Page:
Dartmouth Engineer - The Magazine of Thayer School of EngineeringDartmouth Engineer - The Magazine of Thayer School of Engineering

Inventions: Laser Light Show

Inventor: Professor Elsa Garmire

Elsa Garmire
Garmire’s lasergrams were works of scientific and artistic wonder. Photograph by Patricia Tryforos.

Elsa Garmire, Sydney E. Junkins 1887 Professor of Engineering Emerita and former Thayer School dean, holds ten patents in the fields of optics and lasers. But it was her artistic experimentation with lasers that showed millions of people the light.

The light shows that lit up Seventies-era rock concerts were inspired by laser-art created by Garmire a decade earlier when she was a post-doc at Cal Tech. She made photographic images of diffracted laser beams dubbed “lasergrams.” The lasergrams led to a collaboration between Garmire and filmmaker Ivan Dryer. They formed Laserium in 1973—a company that produced light shows for planetariums and concerts using Garmire’s knowledge of lasers and optics. Laserium shows, which are still running today, have been seen by an estimated 20 million people.

Garmire also promoted the idea that people could create their own light shows in a “how-to” television demonstration in 1971. Backyard laser shows didn’t become a “thing” back then because the lasers cost about $12,000 in today’s dollars. Nowadays, with the advent of cheap laser pointers, the only limit to creating your own laser show is imagination. (Besides the lasers, which can cost as little as $10, you need Duco cement and a glass slide to get going.)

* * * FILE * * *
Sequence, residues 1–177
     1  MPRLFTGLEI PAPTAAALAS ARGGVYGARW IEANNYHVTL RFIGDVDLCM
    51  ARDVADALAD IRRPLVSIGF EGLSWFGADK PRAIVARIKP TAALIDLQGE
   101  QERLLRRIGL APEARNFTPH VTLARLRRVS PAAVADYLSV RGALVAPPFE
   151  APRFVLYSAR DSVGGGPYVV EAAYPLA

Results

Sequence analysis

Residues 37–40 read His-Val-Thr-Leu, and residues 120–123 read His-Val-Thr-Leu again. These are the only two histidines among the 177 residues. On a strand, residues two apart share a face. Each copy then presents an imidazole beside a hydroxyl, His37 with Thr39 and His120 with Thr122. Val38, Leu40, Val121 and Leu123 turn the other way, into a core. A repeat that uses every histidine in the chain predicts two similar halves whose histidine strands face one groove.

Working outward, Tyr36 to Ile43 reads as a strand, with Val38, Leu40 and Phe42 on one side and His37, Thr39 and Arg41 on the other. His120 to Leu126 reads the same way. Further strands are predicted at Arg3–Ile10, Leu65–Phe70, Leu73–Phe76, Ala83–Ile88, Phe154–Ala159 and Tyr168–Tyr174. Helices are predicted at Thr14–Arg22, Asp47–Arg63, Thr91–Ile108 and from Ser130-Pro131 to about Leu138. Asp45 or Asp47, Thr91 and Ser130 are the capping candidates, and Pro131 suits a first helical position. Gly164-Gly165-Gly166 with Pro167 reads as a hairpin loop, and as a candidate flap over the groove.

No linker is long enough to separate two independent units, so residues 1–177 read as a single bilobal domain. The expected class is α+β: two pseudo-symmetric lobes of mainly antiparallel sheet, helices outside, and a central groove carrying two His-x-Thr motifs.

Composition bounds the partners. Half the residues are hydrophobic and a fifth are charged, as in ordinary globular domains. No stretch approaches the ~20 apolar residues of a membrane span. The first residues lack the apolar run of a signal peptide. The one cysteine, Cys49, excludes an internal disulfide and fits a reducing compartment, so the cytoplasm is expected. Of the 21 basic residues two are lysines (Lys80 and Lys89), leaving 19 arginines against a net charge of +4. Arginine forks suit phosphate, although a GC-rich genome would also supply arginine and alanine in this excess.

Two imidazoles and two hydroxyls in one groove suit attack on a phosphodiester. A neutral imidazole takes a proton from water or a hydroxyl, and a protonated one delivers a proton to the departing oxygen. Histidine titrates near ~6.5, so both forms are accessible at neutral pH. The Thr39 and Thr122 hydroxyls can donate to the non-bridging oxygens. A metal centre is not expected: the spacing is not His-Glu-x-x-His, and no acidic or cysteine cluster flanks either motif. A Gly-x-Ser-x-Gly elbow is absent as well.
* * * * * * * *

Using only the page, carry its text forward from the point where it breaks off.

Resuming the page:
Laserium’s light shows were initially accompanied by classical music. The era of the big rock bands, such as Pink Floyd, came later.

Appearing on the public radio program “Science Friday” in 2016, Garmire was asked by host Ira Flatow if she was prepared for how big the laser light show concept would become. “Well, I’ll tell you. I loved it. I loved the classical music,” she answered. “And when they switched to the rock music, that’s when I decided to absent myself.”

Garmire left Laserium and returned to academia and research, arriving at Thayer in 1995. “When I came (to Thayer) I transferred a project from California that investigated the use of lasers to remove graffiti,” Garmire noted in the Dartmouth Presidential Lecture she gave in 2006. “A Nd:YAG laser has enough power to ‘zap’ the paint off highway signs and concrete walls. We built a portable, practical system, but graffiti doesn’t seem to be the problem in New Hampshire that it was in California, so we did not pursue this any further.”

Ironically, her graffiti-removing laser system was her only patent to make money. The invention eventually found a niche market in the aviation industry to remove paint from aircraft.                            

Read Garmire’s Presidential Lecture.

Listen to her “Science Friday” interview.

—Lee Michaelides

Categories: Inventions

Tags: faculty, history

comments powered by Disqus